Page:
• rate this
    +9

    Comment number 102.

    I hope the oil will extracted safely without ecological damage, will be transported safely without ecological damage, and it's revenue used ethically and sensibly for the good of the whole country, not immorally to enrich just a few.

  • rate this
    +1

    Comment number 101.

    @98.Brian
    I think you'll find the biggest oil fields are BIGGER than Ireland....

  • rate this
    0

    Comment number 100.

    @35, looks like you're the one being negative here. Yes, on the Global side of things this seems very small but it's all relative surely?? The 280m bbls I think will be a rough estimate at recoverable reserves. If that's the case, you could be looking at 25+ years of production from that I'd say........

  • rate this
    +2

    Comment number 99.

    Does that mean we get back the money we had to lend them to bail out their economy.? Bit of interest perhaps? Somehow I doubt it...

  • rate this
    0

    Comment number 98.

    I read somewhere that it's supposed to be the biggest potential oil and gas field in the world.

    If that's the truth I suspect it'll be 15 years before a drop gets produced.

    The main problem is that it's in a rough area in fairly deep water which means it is expensive to produce. With the price of oil as high as it is, it makes it more worthwhile than, say, 10 years ago.

  • rate this
    0

    Comment number 97.

    58.kane - Interesting, this comment stay's. yet mine was removed.

    Come on mods, if you're insistent on being unnecessarily PC, at least keep it consistent.

  • rate this
    +2

    Comment number 96.

    I think someone's fluffed their sums. The Irish State takes 25% of all *profits*, not *revenues*. ConocoPhillips said a year ago that they made about $17 in profit per barrel, so taking that figure, taxing it at 25% and applying it to all 280mn barrels gives a finger-in-the-air estimate of under a billion pounds at today's exchange rate. Hardly 'oil billions'.

  • rate this
    0

    Comment number 95.

    @89. eMikey

    At best, this will help us recover a bit. But I doubt we'll be anywhere near as well off as we were (or at least, thought we were) in 2007. Hopefully, our politicians won't blow this for us.

  • rate this
    +2

    Comment number 94.

    Let's hope they don't waste this sovereign wealth the way successive UK governments have done with North Sea oil and gas.

  • rate this
    -9

    Comment number 93.

    Don't get England involved in anyway, they will take it all then complain that they are subsidizing you.

  • rate this
    +5

    Comment number 92.

    #64: " if there was any oil in the ground worth exploiting, the big companies would have been here 30 years ago"

    Wrong - the degree to which specific reserves are worth exploiting is based on the cost of extraction and the market value of the resulting product. Higher crude oil prices have made large reserves, all around the world, profitable to exploit.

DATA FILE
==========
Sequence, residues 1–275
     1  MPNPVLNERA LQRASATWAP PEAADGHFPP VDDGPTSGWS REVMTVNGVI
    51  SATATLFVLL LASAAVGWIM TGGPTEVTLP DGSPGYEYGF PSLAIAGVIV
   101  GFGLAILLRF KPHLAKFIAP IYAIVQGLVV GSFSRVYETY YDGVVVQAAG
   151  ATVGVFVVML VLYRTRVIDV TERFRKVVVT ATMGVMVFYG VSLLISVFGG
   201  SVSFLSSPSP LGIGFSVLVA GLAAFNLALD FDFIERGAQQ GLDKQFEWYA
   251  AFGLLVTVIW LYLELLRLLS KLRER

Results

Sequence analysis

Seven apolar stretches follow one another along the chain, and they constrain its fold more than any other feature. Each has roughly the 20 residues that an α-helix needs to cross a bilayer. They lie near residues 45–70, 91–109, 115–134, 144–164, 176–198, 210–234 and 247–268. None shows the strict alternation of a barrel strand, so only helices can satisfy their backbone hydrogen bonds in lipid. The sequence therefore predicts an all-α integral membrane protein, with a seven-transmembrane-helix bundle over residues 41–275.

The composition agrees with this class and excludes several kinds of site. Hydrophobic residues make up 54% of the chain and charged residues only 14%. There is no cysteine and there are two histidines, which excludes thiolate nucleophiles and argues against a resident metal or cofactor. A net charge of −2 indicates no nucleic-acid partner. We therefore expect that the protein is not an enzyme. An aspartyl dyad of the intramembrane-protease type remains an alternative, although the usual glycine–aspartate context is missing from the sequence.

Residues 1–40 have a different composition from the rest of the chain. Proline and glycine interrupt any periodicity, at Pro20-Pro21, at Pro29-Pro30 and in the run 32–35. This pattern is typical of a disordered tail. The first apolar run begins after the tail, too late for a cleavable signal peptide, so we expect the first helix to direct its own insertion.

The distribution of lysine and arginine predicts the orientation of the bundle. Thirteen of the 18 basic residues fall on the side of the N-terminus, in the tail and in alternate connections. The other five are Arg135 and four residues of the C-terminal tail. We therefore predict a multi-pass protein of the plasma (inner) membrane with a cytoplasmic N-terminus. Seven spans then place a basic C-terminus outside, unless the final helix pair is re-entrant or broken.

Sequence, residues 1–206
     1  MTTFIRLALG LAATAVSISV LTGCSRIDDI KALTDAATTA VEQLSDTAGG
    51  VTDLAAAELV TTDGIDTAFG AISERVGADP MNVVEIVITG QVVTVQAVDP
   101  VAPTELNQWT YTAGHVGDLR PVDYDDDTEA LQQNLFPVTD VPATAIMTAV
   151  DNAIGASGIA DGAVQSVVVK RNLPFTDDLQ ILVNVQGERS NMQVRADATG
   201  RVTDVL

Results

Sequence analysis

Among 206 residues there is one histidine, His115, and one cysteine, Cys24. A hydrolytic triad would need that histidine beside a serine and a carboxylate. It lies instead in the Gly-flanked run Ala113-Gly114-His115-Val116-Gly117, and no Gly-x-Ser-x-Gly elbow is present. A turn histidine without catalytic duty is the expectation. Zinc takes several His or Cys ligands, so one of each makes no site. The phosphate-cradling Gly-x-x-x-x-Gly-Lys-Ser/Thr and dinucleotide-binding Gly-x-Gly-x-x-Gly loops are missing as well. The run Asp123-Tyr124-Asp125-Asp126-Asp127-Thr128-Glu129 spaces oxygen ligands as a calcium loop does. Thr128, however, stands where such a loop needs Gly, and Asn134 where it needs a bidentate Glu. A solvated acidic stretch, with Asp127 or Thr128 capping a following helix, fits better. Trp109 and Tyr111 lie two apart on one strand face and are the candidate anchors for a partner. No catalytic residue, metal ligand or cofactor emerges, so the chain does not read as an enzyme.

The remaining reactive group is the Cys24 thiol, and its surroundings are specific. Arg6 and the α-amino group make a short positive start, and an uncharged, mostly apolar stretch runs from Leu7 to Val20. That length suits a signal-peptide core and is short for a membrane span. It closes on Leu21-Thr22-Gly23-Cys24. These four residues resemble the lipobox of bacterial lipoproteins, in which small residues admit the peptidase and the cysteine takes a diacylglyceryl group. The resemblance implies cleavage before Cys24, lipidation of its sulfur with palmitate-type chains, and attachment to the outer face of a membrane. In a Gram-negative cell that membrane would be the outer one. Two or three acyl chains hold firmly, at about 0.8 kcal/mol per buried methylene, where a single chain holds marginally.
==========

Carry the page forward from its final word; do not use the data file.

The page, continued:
• rate this
    -1

    Comment number 91.

    None of which will benefit the taxpayers, just the millionaires.

  • rate this
    +3

    Comment number 90.

    Great news. Well done Ireland.
    How about some good news from the shale gas drilling under Lancashire?
    First Estimates were approx 500 years reserves.
    Great news from the North West, but no doubt the Greens will try to block NW prosperity!

  • rate this
    +9

    Comment number 89.

    The luck of the Irish! ;)

    If handled correctly this could prove a much needed boost to the Irish economy.

  • rate this
    +3

    Comment number 88.

    Tanman 73 it was £ 3 billion loan @ 3.4% by the way the UK exports £120 billion in goods and services to the United Kingdom that according to David Cameron makes the Irish the fifth biggest export market the UK has,I would sugest the £3 billion is a good investment in British jobs keeping maybe 100,000 off the dole

  • rate this
    +3

    Comment number 87.

    Spend the peak production profits (billions) on Cruise Missiles against a phantom enemy? Finance wars on other continents, leaving them worse than before (Libya, Iraq, Afghanistan)? Prop up private companies that were formaly state owned? Hand state money over to major banks to offset their gambling on the USA housing market? NO - I think Ireland may take other options with their new found wealth

  • rate this
    -4

    Comment number 86.

    Shame on the Irish Government and the Irish people for not standing up to Big Oil.

    He said he wants "help..to exploit our natural resources. We cannot do it alone."

    Exploit the natural resources is exactly what is going to happen! Pristine beaches and livelyhoods are stake at the expense of those who want to turn a profit! Renewable investments are the only thing Ireland needs!!!